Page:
UK fund of hedge funds firm Permal has increased long exposure to Japan and China while keeping a cautious stance on emerging market equities as market sentiment adjusts to changing macro conditions.
Despite Japan’s market correction in May, the firm has an optimistic view on the country, taking a longer position on the market in mid-June, according to Permal chief executive Isaac Souede.
Abenomics is, in a broader sense, a plan for long-term structural reform and “not light work, but everything they’ve done to date has been right", Souede tells AsianInvestor during a recent visit to Hong Kong.
Permal Japan Holdings is among the firm’s best-performing FoHFs, having gained 13.9% in the first six months of the year.
The firm has also upped its China exposure, says Souede, noting that while it “was not so good in the last two weeks of June”, when uncertainty fuelled market volatility, it has been “very good” this month.
“Japan has drawn some interest away from China, and perhaps unjustly. It’s at the point where there are negative articles constantly about China,” says Souede, who does not believe the country is headed for a hard landing.
“It’s taken away some of the ardour, [but] it tells me that from the long side, it’s not a very crowded trade.” The sentiment is also held by mainland-focused alternatives fund manager CSV Capital, which views Chinese equities as undervalued.
Permal opened its Shanghai office early this year, which largely serves as a research office. Over time, members of Permal’s analyst teams from US and London will be relocated to the operation, including individuals from the Jubilee FoHF team, which had originally been with Fauchier Partners.
Permal’s merger with Fauchier Partners – the UK-based FoHF with a large institutional base – was finalised in March, resulting in the combined entity overseeing about $24 billion.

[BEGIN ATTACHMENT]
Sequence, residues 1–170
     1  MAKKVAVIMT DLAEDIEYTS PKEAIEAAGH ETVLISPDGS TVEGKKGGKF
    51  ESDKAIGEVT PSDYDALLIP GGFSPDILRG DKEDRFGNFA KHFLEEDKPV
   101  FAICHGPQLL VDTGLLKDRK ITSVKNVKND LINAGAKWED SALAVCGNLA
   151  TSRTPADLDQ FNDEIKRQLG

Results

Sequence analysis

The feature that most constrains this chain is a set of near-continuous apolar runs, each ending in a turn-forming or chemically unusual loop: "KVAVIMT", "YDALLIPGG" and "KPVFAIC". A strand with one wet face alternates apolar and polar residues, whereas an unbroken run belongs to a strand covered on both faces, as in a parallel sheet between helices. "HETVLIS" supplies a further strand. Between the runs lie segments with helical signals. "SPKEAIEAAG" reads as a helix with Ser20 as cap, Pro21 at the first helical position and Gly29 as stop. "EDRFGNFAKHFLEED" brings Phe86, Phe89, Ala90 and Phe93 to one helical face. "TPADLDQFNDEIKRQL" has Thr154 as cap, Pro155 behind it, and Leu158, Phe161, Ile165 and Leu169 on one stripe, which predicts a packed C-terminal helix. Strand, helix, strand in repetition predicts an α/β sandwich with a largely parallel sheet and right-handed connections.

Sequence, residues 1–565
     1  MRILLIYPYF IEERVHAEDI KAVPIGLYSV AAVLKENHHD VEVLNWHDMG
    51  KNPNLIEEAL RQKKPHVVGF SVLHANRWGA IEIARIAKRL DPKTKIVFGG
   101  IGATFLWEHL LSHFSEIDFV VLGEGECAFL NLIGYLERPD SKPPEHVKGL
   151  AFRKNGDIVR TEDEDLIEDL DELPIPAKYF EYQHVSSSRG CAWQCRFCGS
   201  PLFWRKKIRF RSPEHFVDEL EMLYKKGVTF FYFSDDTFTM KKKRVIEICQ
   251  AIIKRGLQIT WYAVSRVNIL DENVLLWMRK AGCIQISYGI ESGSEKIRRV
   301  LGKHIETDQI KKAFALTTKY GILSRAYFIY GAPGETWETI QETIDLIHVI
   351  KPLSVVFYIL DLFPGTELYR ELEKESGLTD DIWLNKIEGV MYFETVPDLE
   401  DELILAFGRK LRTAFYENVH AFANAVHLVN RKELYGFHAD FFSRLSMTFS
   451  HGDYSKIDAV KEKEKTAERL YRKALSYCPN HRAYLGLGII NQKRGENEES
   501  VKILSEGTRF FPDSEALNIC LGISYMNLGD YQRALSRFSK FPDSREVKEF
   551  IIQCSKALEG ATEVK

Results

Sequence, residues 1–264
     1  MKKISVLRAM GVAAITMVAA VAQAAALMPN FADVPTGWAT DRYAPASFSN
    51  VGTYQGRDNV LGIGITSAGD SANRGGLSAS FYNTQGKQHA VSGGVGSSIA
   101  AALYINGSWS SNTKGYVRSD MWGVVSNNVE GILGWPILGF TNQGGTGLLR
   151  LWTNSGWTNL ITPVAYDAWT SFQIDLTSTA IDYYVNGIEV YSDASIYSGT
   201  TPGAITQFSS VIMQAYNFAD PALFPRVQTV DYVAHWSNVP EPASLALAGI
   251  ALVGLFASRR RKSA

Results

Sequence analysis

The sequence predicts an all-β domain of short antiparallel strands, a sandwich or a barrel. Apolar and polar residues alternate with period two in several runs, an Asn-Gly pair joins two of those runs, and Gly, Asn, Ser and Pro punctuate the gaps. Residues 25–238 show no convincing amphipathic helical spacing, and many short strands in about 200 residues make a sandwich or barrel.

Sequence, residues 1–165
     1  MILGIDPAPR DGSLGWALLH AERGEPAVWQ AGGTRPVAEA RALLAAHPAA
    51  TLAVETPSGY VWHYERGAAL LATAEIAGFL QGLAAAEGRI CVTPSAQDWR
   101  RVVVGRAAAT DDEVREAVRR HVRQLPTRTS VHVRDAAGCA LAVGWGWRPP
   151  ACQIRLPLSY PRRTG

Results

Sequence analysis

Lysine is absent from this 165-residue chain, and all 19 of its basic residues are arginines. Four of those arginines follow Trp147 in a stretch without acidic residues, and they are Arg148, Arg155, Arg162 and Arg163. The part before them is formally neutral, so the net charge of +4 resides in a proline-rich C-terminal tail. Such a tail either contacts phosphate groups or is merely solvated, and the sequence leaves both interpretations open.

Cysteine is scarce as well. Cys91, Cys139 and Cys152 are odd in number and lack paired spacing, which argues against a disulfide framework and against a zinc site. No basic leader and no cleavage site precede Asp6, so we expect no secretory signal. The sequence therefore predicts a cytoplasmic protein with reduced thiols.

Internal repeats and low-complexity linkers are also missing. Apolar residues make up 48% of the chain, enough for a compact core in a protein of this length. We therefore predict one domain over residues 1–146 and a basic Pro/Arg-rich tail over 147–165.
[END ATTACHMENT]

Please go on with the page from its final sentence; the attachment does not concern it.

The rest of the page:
In the coming years, Souede foresees “an explosion of [China] managers, not only in equity long/short but also in fixed income, and ultimately in municipal bonds as the Chinese market develops”.
Permal, through its parent Legg Mason, has access to an additional $100 million in newly-awarded qualified foreign institutional investor quota. Prior to the top-up allotment, which was granted last month, Legg Mason had an existing $200 million quota for the purchase and sale of China A shares.
"We’re very pleased with that because I’ve got many ideas of what I want to do inside China," says Souede.
Meanwhile, Permal is "very wary about emerging market equities", says Souede.
With the exception of China, emerging markets have been suffering from “stagflation” – a combination of inflation and economic stagnation, he notes. “[Our reaction] is to be very protected. We’re beginning to favour, in our allocation, emerging market debt than emerging market equities.”
It echoes sentiments from institutions globally, which have reversed their bullish sentiment on emerging markets strategies in the last six months, according to a recent Credit Suisse investor survey.
Permal last year reduced its exposure to certain fixed-income strategies.
“Non-traditional fixed income strategies, such as fixed income trading, fixed income hedge and event-driven have done much better than traditional fixed income,” says Souede, adding that it's going to be difficult to be a traditional fixed income investor for some time, be it high yield, corporate debt issuance or treasuries.
“You can see the beginning of an exodus from fixed income that is occurring in America. There was $60 billion of withdrawals from bond mutual funds in June, which is by far the largest number ever seen. The rotation of that to equities has not happened. It went to cash.”
Permal favours activist managers given the prevailing global macro conditions and an “exceedingly high” level of M&A activity, says Souede.
“The American economy is growing while the Chinese economy is slowing and impacting other emerging markets, creating stagflation,” he notes.
At the same time, Europe’s problems appear to be bottoming out, while Japan has embarked on an unprecedented economic stimulus plan. “This is not a world that’s acting in a synchronised way, by any means,” adds Souede.